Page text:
Pocatello is a rather small quiet community located in the south east of Idaho. There are a tightly knit group here that have taken on the great responsibility of building a community space. The Greater space goes by the name of the Power house (http://www.myspace.com/powerhousecollective). These folks have actually bought this building and are currently renovating it. Within this 105 year old building is Poky Free Bikes. It is almost more exciting to see smaller projects in smaller town than the more established projects in big cities. These folks are dedicated and passionate about what they are doing. Poky Free Bikes does not require any money consequently they also do not carry any new parts. they are fully volunteer run still manage to exist in a relatively small and economically depressed community. This is a good example of how accesable the creation of these spaces are.
Wednesday, April 8, 2009
Been hanging out in Boise Idaho for the last few days. I Have met some really nice people here. Been hanging with Jimmy a bunch from the Boise Bicycle Project. He has been really supportive of what I am doing. The space that BBP occupies is an old mission and shelter and a lot of the old signage is still around. The space itself is huge but segmented in to many smaller rooms. Parts and frames are sorted and stack all ove rthe place and because of building set up the space is ver maze like. Before too long the project will have a new space and whie smaller will most likey be more conducive to keeping things in order. Currently the people who volunteer there time her are reluctant to puttign work into teh space they have when they know they will not be there much longer. I had a chance to se the propsed space that they will move into and I think it will serve them well. They are hosting a slew of community bicycle events and seem like they are really putting themselves out there for the community.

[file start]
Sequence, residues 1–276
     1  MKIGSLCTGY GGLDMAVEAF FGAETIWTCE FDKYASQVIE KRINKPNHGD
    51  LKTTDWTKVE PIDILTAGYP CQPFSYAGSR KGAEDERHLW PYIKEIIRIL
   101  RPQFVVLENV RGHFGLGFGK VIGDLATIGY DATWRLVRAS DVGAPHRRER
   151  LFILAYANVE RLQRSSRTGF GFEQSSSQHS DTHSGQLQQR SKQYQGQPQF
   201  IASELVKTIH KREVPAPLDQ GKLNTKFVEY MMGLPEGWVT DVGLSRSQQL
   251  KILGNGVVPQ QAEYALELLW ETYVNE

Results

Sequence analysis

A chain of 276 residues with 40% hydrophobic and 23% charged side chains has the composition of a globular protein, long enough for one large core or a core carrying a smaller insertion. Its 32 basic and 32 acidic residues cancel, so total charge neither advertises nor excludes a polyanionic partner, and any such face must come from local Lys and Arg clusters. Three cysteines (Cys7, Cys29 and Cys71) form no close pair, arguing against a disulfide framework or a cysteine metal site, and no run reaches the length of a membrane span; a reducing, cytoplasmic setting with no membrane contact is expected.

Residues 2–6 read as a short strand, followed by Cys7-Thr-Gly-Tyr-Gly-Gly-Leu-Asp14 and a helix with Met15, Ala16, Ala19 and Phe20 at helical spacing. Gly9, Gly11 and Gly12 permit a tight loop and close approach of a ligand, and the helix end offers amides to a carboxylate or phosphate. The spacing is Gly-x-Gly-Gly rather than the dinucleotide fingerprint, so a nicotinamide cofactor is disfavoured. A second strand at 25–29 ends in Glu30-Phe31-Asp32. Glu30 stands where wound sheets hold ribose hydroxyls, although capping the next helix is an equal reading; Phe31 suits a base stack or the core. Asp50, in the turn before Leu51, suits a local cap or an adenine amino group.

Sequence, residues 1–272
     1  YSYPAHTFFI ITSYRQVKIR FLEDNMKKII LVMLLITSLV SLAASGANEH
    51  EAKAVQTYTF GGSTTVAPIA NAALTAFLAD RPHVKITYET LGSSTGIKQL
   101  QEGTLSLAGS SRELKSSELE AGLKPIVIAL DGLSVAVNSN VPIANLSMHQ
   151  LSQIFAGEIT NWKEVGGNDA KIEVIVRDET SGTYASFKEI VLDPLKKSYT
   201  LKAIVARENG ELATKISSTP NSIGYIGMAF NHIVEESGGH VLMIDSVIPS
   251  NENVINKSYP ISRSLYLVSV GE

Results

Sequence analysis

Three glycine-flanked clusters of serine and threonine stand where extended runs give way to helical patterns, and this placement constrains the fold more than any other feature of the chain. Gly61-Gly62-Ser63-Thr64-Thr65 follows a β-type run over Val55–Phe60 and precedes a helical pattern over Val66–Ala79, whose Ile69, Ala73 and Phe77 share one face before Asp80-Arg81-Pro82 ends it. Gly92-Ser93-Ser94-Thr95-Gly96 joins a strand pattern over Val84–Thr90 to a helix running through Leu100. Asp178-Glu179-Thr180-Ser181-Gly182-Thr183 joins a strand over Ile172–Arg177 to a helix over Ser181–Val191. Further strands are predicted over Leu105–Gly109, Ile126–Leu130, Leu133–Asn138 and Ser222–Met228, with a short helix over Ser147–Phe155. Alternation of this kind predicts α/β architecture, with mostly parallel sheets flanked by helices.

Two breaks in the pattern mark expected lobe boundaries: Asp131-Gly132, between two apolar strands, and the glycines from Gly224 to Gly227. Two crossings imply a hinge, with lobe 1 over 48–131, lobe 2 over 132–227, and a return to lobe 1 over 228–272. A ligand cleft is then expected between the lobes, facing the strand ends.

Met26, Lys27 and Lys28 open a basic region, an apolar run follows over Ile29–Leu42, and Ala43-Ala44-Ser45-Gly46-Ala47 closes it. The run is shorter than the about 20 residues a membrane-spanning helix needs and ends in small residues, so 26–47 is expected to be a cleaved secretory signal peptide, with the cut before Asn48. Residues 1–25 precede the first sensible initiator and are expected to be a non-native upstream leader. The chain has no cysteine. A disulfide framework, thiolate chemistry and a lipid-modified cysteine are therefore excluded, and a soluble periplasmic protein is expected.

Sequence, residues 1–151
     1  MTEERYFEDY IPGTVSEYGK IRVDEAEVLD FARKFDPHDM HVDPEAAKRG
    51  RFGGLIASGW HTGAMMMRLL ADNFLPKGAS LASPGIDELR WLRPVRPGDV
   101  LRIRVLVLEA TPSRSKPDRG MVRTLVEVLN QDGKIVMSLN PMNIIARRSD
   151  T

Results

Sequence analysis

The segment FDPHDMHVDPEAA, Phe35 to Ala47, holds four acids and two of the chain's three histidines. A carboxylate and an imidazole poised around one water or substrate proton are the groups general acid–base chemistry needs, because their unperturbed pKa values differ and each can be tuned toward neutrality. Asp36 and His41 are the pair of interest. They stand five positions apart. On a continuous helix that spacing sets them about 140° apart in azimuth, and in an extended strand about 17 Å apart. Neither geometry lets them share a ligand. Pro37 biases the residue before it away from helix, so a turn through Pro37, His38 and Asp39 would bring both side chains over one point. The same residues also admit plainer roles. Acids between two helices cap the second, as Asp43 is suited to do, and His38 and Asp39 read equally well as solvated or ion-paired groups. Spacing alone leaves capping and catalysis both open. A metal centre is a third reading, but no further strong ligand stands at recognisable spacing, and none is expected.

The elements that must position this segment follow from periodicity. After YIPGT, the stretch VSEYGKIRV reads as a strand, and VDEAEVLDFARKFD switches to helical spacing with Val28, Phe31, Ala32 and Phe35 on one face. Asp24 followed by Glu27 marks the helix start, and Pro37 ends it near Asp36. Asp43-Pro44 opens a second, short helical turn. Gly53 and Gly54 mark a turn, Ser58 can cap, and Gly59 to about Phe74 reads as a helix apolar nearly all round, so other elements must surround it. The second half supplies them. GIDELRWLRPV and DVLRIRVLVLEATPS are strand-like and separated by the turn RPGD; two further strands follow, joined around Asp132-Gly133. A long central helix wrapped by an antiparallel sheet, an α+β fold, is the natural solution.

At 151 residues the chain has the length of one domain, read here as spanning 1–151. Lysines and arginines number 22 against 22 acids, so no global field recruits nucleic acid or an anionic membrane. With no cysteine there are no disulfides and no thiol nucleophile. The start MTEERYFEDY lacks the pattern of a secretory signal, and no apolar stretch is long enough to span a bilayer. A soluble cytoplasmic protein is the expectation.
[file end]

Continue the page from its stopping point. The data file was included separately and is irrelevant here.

Sunday, April 5, 2009
2nd Cycle Tacoma Washington. My friend Ben helped to start this project in Tacoma. It is a very young project and it is evident that the people involved have been feeling the growing pains of becoming established. The space they are in is smaller and very cold. The door empties onto an alleyway. Ben explained to me the difficulty of establishing a positive re pore with those in the community. In order to serve the demographic you must first develop a relationship. I was shown the space that they will be moving into, a much larger area, less than a block away, right on the edge of a park. It is a dramatic change and I feel that we agreed that it would much more inviting to people.
Monday, March 23, 2009
A relatively new project; the Bike Farm in Portland Oregon, a welcoming space to learn about building, maintaining and riding bicycles. The People here were really really nice and welcoming. The space is small but the y are working hard to make this project work sustain itself. I Highly recommend visiting and supporting the folks.
Thursday, March 12, 2009
Been thinking about the different collectives I have been to and how well they represent the neighborhoods that they are in. While I was in LA it was interesting to see how the demographic of those being served changed between the Shops in the area. Just about to leave San Fran now. The Bike Kitchen here has an amazing space. The location is a little strange but there were definitely plenty of people wrenching and visiting the space.
Saturday, March 7, 2009
Thursday, March 5, 2009
Well L.A. is behind me now and I am in Santa Cruz now sitting in a coffee shop. My brain is buzzing from the triple shot mocha that I have just imbibed. The above pictures are from the Bike Oven in LA and the Bike-ro-wave in Santa Monica . Two great places. In the days to come I will be visiting the bike church here in Santa Cruz and then bouncing off to the bay.
Monday, March 2, 2009
Been in LA for two days now. I Tagged along with all the folks from the Bicycle Kitchen yesterday and observed there meeting. These guys really have their act together. It was good to see a decision making process working so well. It is also good to know that slow and sometimes arduous mettings are something that other bicycle collectives must wade trough. I am going to be contacting the Bike Oven as well as a the Bike-ro-wave today to try and do some documenting tomorrow.
Monday, February 23, 2009
Just got back from "TRIKE!TRIKE!" in Phoenix. "TRIKE!TRIKE", is an Arizona state Bicycle collective convergence. We took part in some productive workshops dealing with oppression awareness, community building and consensus decision making. We also got to go on an amazing scavenger hunt that took us around Tempe. Here are some pics.
Sunday, February 22, 2009
I finished a frame of my own, it is based on a 1898 Lamplighter. I filleted all the joints and made the dropouts myself. I have ridden it a handful of times and it is really fun. The bike stands a little shorter than 1898 model, but it is still taller than any other tall bicycles I have built.